Joseph Pilates was born on 9 December 1883 in Germany. A sickly child, he suffered from rheumatic fever, rickets and asthma. Despite breathing difficulties, he wanted to become a gymnast like his father, and while his parents were out at work, Joseph could be found working out at a gymnasium that offered extra-curricular activities for schoolchildren.
At the time World War 1 broke out in 1914, he was working in England as a professional boxer and self-defence instructor, but, now considered an enemy of the nation, he was sent to internment camps. This period of his life left a great impression and was fundamental to the development of the Pilates Method. Working in the camp infirmaries, Joseph Pilates conceived exercises to help the patients recover. One of his ideas was to use springs from the beds to support the body and provide resistance to strengthen muscles and joints. This was the basis for the first piece of equipment that he built and later named the Cadillac.
​In 1926, he emigrated to the USA where he met his wife, Clara. Together they opened a studio on New York’s Eighth Avenue.


Joseph Pilates created Matwork so that he could teach away from his studio.
In his book "Return to Life through Contrology", he sets out the 34 movements to be practised, explaining the sequences and the number of repetitions, along with simple, illustrated instructions. When practised regularly, he says, “Contrology gives you suppleness, natural grace and skill that will be unmistakably reflected in the way you walk, play and work.”

He goes on to explain how Contrology “develops the body uniformly, corrects wrong postures, restores physical vitality, invigorates the mind and elevates the spirit.”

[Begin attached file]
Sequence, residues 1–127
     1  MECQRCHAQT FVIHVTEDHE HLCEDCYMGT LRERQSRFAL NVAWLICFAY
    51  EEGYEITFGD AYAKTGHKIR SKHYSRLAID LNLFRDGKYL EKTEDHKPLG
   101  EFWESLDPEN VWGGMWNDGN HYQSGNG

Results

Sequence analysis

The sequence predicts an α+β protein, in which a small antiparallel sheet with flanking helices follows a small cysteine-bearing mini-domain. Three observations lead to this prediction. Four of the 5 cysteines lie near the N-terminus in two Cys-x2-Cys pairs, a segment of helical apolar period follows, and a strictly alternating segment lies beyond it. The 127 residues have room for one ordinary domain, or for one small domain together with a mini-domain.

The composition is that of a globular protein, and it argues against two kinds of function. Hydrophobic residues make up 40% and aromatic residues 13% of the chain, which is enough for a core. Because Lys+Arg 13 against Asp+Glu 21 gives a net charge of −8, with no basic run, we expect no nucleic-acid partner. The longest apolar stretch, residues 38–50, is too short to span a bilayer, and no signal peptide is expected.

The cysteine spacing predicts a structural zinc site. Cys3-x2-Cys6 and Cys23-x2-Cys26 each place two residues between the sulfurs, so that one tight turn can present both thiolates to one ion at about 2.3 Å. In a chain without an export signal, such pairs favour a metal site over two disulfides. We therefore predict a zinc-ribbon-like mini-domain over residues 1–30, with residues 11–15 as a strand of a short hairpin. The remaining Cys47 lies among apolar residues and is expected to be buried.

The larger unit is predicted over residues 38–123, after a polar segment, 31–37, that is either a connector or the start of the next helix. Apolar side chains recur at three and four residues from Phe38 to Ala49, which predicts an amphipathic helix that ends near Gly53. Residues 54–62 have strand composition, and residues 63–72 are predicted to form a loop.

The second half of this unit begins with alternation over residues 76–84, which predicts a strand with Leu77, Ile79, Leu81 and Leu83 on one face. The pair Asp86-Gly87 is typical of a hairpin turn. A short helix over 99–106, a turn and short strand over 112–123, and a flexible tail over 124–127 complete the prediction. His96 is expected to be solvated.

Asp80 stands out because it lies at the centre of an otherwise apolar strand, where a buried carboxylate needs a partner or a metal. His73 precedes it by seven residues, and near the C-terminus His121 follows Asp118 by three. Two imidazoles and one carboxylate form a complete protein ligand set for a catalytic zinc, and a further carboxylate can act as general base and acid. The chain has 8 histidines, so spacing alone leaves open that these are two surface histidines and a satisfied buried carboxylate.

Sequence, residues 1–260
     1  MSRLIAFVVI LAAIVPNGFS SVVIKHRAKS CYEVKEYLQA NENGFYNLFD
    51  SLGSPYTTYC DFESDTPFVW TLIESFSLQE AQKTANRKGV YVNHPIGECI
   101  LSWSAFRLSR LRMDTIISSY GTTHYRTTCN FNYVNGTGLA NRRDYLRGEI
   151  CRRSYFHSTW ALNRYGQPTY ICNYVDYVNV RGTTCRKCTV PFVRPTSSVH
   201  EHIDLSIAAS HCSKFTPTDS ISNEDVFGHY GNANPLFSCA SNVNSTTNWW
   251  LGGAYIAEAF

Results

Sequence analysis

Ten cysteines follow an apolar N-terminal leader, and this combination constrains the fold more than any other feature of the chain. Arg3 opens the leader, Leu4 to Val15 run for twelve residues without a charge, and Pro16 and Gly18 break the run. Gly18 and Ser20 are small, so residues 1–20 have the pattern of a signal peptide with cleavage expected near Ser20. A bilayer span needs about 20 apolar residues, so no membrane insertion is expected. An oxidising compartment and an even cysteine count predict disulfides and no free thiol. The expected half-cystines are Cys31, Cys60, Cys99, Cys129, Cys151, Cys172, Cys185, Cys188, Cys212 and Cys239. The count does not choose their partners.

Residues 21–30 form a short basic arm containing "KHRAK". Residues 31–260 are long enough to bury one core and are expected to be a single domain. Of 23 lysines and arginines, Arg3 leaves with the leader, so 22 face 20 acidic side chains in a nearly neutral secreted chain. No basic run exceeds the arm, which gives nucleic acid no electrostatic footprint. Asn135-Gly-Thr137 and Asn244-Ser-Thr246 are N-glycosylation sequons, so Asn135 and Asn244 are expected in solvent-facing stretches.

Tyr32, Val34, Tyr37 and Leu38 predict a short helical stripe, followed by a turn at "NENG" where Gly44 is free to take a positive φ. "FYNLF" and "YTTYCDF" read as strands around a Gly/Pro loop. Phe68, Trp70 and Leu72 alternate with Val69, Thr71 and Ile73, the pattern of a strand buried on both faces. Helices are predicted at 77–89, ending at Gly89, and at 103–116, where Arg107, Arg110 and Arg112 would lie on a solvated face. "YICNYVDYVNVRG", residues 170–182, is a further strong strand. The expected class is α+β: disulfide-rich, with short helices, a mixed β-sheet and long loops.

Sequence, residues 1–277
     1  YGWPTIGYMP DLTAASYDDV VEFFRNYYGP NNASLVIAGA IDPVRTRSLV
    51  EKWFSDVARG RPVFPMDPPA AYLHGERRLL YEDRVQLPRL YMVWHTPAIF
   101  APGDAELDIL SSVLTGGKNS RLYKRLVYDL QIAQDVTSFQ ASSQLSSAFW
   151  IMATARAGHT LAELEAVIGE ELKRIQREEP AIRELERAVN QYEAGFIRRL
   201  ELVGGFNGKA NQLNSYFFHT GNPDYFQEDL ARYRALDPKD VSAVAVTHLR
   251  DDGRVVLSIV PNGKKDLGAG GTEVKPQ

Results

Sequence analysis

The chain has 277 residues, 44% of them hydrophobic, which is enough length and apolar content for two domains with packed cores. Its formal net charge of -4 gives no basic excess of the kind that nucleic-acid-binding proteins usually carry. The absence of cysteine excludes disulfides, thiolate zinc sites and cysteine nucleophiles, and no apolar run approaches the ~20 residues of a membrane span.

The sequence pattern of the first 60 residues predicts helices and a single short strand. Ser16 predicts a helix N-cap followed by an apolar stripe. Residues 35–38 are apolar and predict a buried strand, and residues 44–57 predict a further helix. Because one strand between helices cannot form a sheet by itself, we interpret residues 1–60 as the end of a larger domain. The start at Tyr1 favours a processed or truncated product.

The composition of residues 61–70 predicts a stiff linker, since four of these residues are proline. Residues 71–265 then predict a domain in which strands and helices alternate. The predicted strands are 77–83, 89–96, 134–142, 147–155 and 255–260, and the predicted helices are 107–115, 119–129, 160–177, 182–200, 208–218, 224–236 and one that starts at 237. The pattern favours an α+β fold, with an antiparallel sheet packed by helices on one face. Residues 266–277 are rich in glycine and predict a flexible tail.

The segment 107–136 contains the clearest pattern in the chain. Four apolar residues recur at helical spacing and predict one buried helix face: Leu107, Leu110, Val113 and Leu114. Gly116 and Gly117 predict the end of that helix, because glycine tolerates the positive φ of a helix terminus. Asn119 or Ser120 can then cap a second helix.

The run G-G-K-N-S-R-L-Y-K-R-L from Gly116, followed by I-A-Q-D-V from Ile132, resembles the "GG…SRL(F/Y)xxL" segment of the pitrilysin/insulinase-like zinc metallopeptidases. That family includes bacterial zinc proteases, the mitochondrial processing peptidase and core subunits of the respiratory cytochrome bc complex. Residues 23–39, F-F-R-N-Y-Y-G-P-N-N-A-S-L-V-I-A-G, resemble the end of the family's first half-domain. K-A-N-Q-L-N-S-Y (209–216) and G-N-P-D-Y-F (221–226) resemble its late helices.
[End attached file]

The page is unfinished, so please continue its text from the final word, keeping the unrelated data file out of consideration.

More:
For Joseph Pilates, Contrology was the ideal method for attaining good physical and mental health.
He died in New York in 1967 at the age of 83, having dedicated his whole life to the health and well-being of others, and teaching his method to the end.

​Better breathing creates expansion, increases space inside the body and helps it to handle the forces exerted by gravity. It enhances concentration, too.

You’ll become more supple, move more easily and improve muscle tone.


Joseph Pilates designed and built his own machines, which worked using a system of springs and pulleys.
The springs distribute the traction and tension throughout the body, allowing it to relax, sink into the movement and move naturally with its normal grace and suppleness.
The Cadillac was inspired by hospital beds with suspension and traction systems for injured limbs.
The Reformer was also developed based on his adaptations of hospital beds and use of their springs to assist his patients’ movements. The Reformer consists of a carriage attached by springs to a wooden frame. The user pulls down on straps with either their legs or arms to move the carriage and trains by working against the resistance of the springs.

The Wunda Chair is a kind of chair fitted with a large, spring-operated pedal. Its small surface area requires the body to adapt by maximising its internal space.
The studio becomes a playground. Each machine and each movement brings its own added value in bringing body tension and compression into equilibrium.